" Sinners can say

And none but they

How precious is the Saviour." O how precious the healing balm to the wounded conscience, the melodious sounds of pardon, full and free, proclaimed to the captive, imprisoned, and condemned criminal. His precious merits revealed to faith by the Holy Ghost at once sets open the prison-door, knock off the fetters and liberate the soul; then does “the laine man leap as an hart;" then does the tongue of the dumb sing, when these precious waters in this wilderness and desert place break out.

Perhaps the reader can look back upon this blessed part of his experience, and many are looking forward and longing for it; and every one who has ever known what pardoning love sealed home to the heart is, with dear Newton, can sing –

“ Sweet was the time when first I felt

The Saviour's pardoning blood
Applied, to cleanse my soul from guilt,

And bring me near to God.” Exceedingly precious Christ is, when first apprehended and appropriated by the believer ; precious in all his after manifestations ; precious when sucking as a babe at Zion's breasts; precious when we come into the wilderness, and we lose our joys and comforts and happy feelings. Christ is the same, and while he teaches us all is wilderness and desert out of him and apart from him, bless his name, he has never been a wilderness to Israel. 'Tis here his preciousness is realized in all his sweet names, offices, and titles. We have this precious smitten rock, but where ? In the wilderness—how welcome, how refreshing are his streams! We have him as the bread of heaven—but where ? In the wilderness ; this heavenly manna falls where we are, even in the desert ; and without these constant miraculous supplies, we must necessarily droop, and fail, and die. Adversity of soul, and adversity of circumstances are the place to realize something of his preciousness as a brother born for adversity; when friends degenerate to foes, and enemies war around, then is the time to realize the preciousness of this. Friend that loveth at all times, and that sticketh closer than a brother. Precious he is in the battle field, in the daily conflict with the world, flesh and devil. Precious, indeed, are his sympathies with his tempted ones here, and precious in his timely aid, when the enemy comes in like a flood. Ah, then he is the standard God the Spirit lifts up to prevent our being carried away. His precious blood quenches all the fiery darts of the wicked one ; precious as our harbour in every storm ; precious as our skilful Refiner in every fire ; precious as our Pilot to steer us in safety across the troubled waters of time; precious as a refuge in distress ; as a covert from the tempest; as a hiding-place from the wind; as the shadow of a great rock in a weary land, as rivers of water in a dry place ; precious in his unremitting care of his people, his eye is ever on them for good, from their birth-cry to their dying groan; precious in the constancy of his love, in the bowels of his compassion, in the power of his arm, in the faithfulness of his heart, in the efficacy of his blood, in his constant intercession, in his government of all worlds and special management of all their minute affairs ; precious when every comfort departs ; precious in all his sweet promises for Christ is in every one, and every promise is in him; precious when strength fails ; precious when old age and infirmities creep on the believer, and precious on a dying bed, when everything and every one else besides that might be precious must leave us. Truly precious is Christ in this tremendously solemn moment, when the world recedes from view, friends say farewell, the eye drops down upon time, and eternity appears. What, then, were not Christ at hand ? but ah, he is there ! Himself is waiting to receive the departing soul. Yes, bless his dear and precious name, he is there to wipe away the last tear, to dispel the last fear, and to cleanse away the last stain of sin, and to carry safely home on the other side the blood-washed spirit, and to introduce his redeemed one to mingle its neverending hallelujahs with the host of perfected ones before the throne. And then oh how precious will he be to the ravished gaze of his ransomed ones for ever. Yes, for ever from himself will emanate the glory and unspeakable bliss, which will be heaven indeed. Oh what beams of heavenly grace will transport the happy throng as in his presence they live, and beneath his face-to-face smiles they bask, no more to go out, no more to sin, or be capable of ning, but to be like him and with him, to see him as mine, to claim him as mine, and to love him with all the power of a glorified and expanded mind. How precious will be his looks, his glorious displays of affection to his ransomed ones ; to be led by him to living fountains of waters, and to feed for ever by himself from his own infinite resources, never to desire another object. There and then will his preciousness be ever unfolding, not to faith, but to open vision.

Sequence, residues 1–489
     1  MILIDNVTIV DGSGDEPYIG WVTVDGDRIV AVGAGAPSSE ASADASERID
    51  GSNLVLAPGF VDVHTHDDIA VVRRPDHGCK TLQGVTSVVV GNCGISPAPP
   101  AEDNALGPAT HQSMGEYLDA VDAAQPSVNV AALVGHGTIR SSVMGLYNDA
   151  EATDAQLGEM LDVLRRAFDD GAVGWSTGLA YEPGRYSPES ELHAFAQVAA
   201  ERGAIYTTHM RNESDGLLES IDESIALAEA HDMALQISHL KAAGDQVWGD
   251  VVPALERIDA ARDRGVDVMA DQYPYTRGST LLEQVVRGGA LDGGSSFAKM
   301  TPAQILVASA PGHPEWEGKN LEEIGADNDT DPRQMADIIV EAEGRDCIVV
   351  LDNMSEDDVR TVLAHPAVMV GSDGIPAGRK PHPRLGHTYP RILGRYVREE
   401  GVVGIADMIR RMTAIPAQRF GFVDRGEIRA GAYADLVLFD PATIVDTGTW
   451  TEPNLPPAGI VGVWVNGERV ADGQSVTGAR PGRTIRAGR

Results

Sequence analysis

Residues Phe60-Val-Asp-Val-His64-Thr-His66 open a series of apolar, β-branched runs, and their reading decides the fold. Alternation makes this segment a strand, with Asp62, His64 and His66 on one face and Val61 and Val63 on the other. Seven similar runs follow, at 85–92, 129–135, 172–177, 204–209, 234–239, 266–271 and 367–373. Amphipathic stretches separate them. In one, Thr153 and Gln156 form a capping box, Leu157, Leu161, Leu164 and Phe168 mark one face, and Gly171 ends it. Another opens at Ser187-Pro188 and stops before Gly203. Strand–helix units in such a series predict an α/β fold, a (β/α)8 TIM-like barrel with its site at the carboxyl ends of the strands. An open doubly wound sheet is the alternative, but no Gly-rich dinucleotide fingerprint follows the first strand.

“Then shall we o'er his beauties rove,

And pay our Saviour love for love." Islington.


[ocr errors][ocr errors]